If you’re using a 4:3 television, and you “tell” the DVD player to output to a 4:3 television, the DVD player then converts the recorded image into a letterboxed image. Because it must shrink the overall image to fit onto your television, you get the same loss of resolution that you would if watching a non-anamorphic letterboxed DVD. The lesson here is that anamorphic DVDs provide no additional benefits unless you have a widescreen television to take advantage of the higher vertical resolution.
If you do have a widescreen television, then the DVD player will output the distorted image to your television/monitor. It is then that the monitor/television electronically stretches the image horizontally into its intended correct aspect ratio of 16:9. If your television has settings for different aspect ratios, the television will have to be set to 16:9 to watch the DVD properly.
Remember that the television or monitor will stretch the image to a 16:9 aspect ratio regardless of what aspect ratio the movie is in. This means that if the movie is in a 1.85:1 or 2.35:1 aspect ratio, you will still have black bars displayed at the top and bottom of the image.
Most, if not all, newer DVDs that state “widescreen” are anamorphic DVDs. The back of the DVD usually will state what specific aspect ratio the movie is in, although some companies still refuse to put that valuable information on their DVDs.
Labels identifying anamorphic DVDs often appear as shown in the example below, however anamorphic DVDs are not always clearly marked as “anamorphic.” You can assume a DVD is anamorphic if the DVD packaging reads “widescreen version” anywhere on the front or back covers.
Progressive scan DVD players
Newer DVD players have the ability to output signals as either interlaced or progressive scan images.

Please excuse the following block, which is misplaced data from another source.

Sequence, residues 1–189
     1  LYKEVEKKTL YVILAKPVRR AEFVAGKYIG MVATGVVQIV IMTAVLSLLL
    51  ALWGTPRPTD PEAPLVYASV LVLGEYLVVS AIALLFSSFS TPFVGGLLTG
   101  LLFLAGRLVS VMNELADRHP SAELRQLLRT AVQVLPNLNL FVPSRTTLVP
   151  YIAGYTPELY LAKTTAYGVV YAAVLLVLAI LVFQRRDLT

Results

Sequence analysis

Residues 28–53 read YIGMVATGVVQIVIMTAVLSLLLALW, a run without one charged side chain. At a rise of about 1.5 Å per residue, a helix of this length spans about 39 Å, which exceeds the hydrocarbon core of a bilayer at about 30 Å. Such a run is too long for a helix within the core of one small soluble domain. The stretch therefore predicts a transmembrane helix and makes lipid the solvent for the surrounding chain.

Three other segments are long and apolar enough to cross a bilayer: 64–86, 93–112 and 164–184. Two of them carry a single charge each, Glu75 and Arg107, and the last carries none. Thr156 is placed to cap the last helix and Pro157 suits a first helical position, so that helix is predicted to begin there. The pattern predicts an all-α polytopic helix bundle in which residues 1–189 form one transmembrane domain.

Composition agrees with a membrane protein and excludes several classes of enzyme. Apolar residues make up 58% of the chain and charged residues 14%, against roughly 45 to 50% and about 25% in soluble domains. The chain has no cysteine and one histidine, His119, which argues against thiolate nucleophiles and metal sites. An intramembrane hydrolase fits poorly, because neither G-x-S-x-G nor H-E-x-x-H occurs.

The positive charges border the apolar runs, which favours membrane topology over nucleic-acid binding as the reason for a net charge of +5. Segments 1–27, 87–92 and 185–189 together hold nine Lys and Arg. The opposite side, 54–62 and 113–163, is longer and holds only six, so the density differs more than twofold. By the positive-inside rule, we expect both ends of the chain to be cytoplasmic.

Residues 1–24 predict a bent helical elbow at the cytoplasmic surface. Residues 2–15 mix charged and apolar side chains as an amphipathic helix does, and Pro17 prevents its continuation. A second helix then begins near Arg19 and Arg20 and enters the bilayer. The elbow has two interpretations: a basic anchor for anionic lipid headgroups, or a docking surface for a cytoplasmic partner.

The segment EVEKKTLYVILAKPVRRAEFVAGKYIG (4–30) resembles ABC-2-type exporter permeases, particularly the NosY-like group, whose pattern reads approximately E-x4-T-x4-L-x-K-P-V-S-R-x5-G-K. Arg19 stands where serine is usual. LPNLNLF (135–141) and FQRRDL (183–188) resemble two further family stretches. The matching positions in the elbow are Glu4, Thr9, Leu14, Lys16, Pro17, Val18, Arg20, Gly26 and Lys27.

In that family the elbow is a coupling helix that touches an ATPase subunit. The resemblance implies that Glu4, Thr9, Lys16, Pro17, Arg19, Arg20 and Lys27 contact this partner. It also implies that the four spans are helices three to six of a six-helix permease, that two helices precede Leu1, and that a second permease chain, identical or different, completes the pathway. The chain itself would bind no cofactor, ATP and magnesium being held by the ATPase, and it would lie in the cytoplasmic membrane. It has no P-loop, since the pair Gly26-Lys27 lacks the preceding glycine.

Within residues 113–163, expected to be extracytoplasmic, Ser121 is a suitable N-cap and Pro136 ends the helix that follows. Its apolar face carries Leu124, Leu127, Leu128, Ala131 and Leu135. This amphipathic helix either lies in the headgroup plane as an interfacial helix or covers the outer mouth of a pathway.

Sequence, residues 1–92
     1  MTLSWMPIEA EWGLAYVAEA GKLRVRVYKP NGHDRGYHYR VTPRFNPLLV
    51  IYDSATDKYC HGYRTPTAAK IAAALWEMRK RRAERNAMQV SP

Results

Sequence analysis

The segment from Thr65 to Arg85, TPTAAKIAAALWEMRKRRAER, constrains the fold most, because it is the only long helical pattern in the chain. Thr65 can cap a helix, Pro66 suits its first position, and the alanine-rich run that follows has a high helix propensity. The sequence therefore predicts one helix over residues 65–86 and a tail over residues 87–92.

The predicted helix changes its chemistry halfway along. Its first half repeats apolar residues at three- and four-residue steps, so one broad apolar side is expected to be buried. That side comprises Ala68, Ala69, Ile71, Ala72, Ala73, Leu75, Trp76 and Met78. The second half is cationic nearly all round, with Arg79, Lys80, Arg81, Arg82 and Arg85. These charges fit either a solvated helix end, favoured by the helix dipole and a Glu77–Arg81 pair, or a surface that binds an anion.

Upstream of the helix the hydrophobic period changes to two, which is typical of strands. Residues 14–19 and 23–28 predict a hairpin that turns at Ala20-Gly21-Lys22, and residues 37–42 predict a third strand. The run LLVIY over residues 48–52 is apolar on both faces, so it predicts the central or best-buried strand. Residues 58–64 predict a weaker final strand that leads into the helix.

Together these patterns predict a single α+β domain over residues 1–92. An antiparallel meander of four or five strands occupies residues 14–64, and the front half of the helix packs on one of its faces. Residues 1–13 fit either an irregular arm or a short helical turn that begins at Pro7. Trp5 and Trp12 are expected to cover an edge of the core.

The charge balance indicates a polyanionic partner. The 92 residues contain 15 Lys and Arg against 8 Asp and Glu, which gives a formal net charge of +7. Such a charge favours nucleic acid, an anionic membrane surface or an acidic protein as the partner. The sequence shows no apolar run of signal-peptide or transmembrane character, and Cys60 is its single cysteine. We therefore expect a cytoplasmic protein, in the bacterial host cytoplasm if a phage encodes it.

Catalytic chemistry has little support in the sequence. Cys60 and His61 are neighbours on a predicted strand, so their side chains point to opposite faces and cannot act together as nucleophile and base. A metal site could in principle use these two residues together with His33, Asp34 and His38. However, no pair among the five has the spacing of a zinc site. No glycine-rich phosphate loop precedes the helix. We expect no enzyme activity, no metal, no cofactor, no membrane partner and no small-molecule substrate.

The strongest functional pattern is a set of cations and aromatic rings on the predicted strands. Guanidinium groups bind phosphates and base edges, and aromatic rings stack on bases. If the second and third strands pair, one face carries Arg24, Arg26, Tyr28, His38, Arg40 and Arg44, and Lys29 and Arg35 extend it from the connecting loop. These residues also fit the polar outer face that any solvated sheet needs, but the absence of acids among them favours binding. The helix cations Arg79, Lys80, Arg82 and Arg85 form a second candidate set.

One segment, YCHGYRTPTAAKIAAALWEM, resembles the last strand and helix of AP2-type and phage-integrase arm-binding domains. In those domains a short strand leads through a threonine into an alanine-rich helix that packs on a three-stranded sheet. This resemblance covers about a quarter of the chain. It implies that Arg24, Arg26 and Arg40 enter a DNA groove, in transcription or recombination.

Generally, when film is converted to DVD, 3:2 pulldown is applied so that the DVD player can output an interlaced 480i signal. During the encoding of the DVD, the original two fields that make up a specific original film frame are flagged so that, if played on a progressive scan DVD player, the DVD player can easily convert the film into a progressive scan image.
There are a few things to note about progressive scan DVD players:
- Once you output a progressive scan image, the signal is no longer an NTSC, or 480i signal. It becomes a 480p signal – p for progressive scan. If you don’t have a television that can input a progressive scan image, you will not receive an image. (Note: Turning an interlaced image into a progressive scan changes the refresh rate from 60 fields per second to 60 frames per second, which is double the information per second. A television must be designed to handle that extra information.)
- A progressive scan DVD player will only output a progressive scan image via its component video, or digital video outputs. If you use the S-video or yellow composite type output, your television/monitor will only receive a 480i image. S-video and composite cables will not accommodate a high enough resolution to carry a progressive scan image.
- If you are watching a non-film based movie, the image may worsen if you output it as a progressive scan image.
- The built in deinterlacer of a progressive scan DVD player is very important to video quality. And, you get what you pay for. More expensive progressive scan DVD players will have higher-quality deinterlacers built in that can distinguish between film based-material and video. They adjust automatically for the best image quality possible. Also these higher quality deinterlacers will better handle video-based material without video artifacts common to low-cost deinterlacers.
- All HDTV monitors/televisions will be able to handle a 480p signal.